In Scripture beauty comes from God, and beauty reveals God to us. Beauty is joyful, wonderful, startling and glorious. Beauty is something to be valued for its own sake. We don’t value beauty because it makes us rich, rather it is prized simply because it is beautiful even when it gives profit to no one. Beauty is noble, eternal and godly.
The Myrrhbearing Women as they went to the tomb to do this beautiful act, knew nothing about the resurrection. They only knew their Lord had been killed and that the authorities were threatening to harm anyone who followed Jesus. So they represent to us courage, nobility, faith, hope and love even in the face of the threat of death.
We honor them for these virtues. We all should be so virtuous and noble and courageous as these Women Disciples of the Lord. In the face of death they don’t seek revenge or bring retaliation, they seek only that which is beautiful.
And we should consider whether we value such beauty in our lives. Do we strive for this beauty that is related to courage, truth, love, nobility and virtue?
We might ask ourselves who are we more like from the Gospel lesson of the anointing of Jesus at Bethany. Judas who was most concerned about money? or Mary who is concerned about beauty, purity of heart and virtue? Which are we striving for in our lives? What do we really seek with our mind and strength?
Do we even bother to seek out this godly beauty in our lives, and do those beautiful things which benefit others but bring no benefit to ourselves? or are we always thinking about what benefits me? Do we teach our children the value of godly beauty or is our only concern that they grow up and be prosperous, powerful and successful?
If we are to be disciples of Christ like these Women disciples who we honor as saints, then we need to have serious discussions within our families and with each other about virtue, beauty, truth, purity and all of these characteristics of God.
Too often instead we place power, wealth, success, pride, and fame as our highest ideals. We crave being praised. Too often in the modern world we want to debate the roles of power and authority in the life of the church. But Christ taught us that such arguments belong to the non-believers (Luke 22:25-26). For us the discussion is not who is the greatest, but how can we serve one another and serve the Lord?
Jesus taught us to wash one another’s feet, and these Women Disciples of the Lord are going to the tomb to wash the body of Jesus. The men disciples who debated as to which of them was the greatest are all cowardly hiding at this moment. So which of these people – the women or the men – show themselves to be true disciples of Christ?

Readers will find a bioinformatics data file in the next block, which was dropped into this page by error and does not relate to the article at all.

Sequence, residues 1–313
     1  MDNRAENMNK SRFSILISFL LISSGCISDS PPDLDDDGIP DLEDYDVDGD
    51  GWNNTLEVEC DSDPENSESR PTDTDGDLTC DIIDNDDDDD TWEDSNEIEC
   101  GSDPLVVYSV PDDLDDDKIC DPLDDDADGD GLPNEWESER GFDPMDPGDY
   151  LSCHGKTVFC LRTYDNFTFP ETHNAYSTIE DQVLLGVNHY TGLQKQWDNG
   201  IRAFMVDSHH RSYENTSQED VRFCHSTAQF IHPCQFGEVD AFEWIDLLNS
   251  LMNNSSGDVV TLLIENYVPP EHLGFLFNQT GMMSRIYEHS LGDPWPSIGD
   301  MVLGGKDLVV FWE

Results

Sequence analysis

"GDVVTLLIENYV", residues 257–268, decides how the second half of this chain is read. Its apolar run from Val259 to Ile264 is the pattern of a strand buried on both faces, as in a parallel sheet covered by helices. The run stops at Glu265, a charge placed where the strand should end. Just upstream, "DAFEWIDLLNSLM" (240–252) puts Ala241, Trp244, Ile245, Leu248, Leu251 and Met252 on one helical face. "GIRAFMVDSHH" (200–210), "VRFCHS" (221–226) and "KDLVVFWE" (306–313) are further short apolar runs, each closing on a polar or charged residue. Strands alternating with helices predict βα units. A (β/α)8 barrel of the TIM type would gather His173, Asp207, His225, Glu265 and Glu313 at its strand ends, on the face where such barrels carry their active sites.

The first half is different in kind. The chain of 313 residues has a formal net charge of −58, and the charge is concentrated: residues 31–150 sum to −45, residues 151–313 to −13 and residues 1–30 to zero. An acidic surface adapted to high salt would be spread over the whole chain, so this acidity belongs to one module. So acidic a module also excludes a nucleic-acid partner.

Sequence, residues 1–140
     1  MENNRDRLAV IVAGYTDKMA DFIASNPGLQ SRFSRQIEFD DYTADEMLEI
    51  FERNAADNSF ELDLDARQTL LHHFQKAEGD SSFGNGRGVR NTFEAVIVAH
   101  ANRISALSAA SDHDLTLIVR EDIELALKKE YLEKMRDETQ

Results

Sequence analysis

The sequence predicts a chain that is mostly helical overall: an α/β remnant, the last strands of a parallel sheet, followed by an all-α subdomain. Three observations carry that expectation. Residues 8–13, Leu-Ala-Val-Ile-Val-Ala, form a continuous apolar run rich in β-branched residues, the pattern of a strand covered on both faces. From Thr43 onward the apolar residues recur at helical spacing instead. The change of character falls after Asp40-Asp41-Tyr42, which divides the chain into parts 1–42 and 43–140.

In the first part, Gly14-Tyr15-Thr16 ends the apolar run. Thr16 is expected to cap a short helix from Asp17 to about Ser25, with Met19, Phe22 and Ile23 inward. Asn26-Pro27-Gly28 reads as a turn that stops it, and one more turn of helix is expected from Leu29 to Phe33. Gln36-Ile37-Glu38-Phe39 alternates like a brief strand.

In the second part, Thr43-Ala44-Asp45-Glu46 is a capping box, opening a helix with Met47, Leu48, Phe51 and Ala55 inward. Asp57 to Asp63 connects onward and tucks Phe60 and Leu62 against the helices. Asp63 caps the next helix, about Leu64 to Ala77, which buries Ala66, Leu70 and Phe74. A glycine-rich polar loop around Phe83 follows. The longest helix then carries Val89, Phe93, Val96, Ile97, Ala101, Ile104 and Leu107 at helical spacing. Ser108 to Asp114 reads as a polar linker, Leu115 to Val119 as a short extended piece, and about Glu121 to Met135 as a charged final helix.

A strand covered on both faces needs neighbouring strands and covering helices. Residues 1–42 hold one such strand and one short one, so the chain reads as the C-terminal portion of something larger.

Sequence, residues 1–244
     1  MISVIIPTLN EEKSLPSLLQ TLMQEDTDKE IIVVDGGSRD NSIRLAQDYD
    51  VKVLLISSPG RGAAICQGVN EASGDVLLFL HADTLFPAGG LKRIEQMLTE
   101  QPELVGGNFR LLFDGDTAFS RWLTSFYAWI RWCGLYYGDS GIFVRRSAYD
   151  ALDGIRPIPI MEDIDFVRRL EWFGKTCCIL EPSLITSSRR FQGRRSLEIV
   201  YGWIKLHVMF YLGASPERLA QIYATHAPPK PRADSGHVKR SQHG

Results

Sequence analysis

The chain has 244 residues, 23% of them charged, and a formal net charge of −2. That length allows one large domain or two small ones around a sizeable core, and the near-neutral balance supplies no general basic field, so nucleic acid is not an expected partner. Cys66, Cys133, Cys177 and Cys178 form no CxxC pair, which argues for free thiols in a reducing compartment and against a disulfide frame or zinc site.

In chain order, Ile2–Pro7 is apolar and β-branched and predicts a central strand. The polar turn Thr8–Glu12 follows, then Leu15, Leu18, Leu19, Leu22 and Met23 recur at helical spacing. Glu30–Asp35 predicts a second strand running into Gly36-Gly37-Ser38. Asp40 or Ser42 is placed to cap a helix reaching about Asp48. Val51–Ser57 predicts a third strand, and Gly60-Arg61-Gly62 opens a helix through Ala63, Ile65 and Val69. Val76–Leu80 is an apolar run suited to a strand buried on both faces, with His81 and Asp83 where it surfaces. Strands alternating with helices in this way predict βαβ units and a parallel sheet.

Christ’s Women Disciples witness to us about self-sacrifice, altruism, service, truth, nobility, charity, purity, courage and beauty.
The Myrrhbearng Women reveal to us the more perfect, healthy, spiritual and beautiful way. God created beauty and set eternity in our hearts. As the Psalmist sings:
One thing have I asked of the LORD, that will I seek after; that I may dwell in the house of the LORD all the days of my life, to behold the beauty of the LORD… (Psalms 27:4)
Those Women Disciples of the Lord remind me about a hospital for children which I once read about. The hospital didn’t see the children just as patients but also as healers of themselves and others. The children were not viewed as victims needing professional help, but as people capable of healing others. The hospital’s motto: “If you can help somebody else, you are not disabled.”
In the Church we are not merely the walking wounded or the spiritually sick, we are able to show concern and care for others – we are not disabled. We are here to serve, no matter what our condition or what we feel about ourselves or of how much we need to repent. You are not disabled because you are able to help somebody else. We are here to be as courageous as the women disciples of the Lord and serve those who are in need.
Which brings me back to the fact that while all of us are called to serve one another , diakonia – to be deacons, we are especially remembering today our mothers who often are a great example of self-sacrificing service to others. Mothers not only sacrifice their lives and time for their children and husbands, but they also have special opportunity for being evangelists in their families. In that way they are certainly Women Disciples of the Lord. For it is the Myrrhbearing Women who tell the Disciples about the resurrection. And often it is our mothers who who pray for us their children. There is a saying in the Church that the prayers of mothers is the foundation of households. May God bless all of your our mothers with courage, faith, hope and love. May we all follow the example of the Women Disciples of the Lord.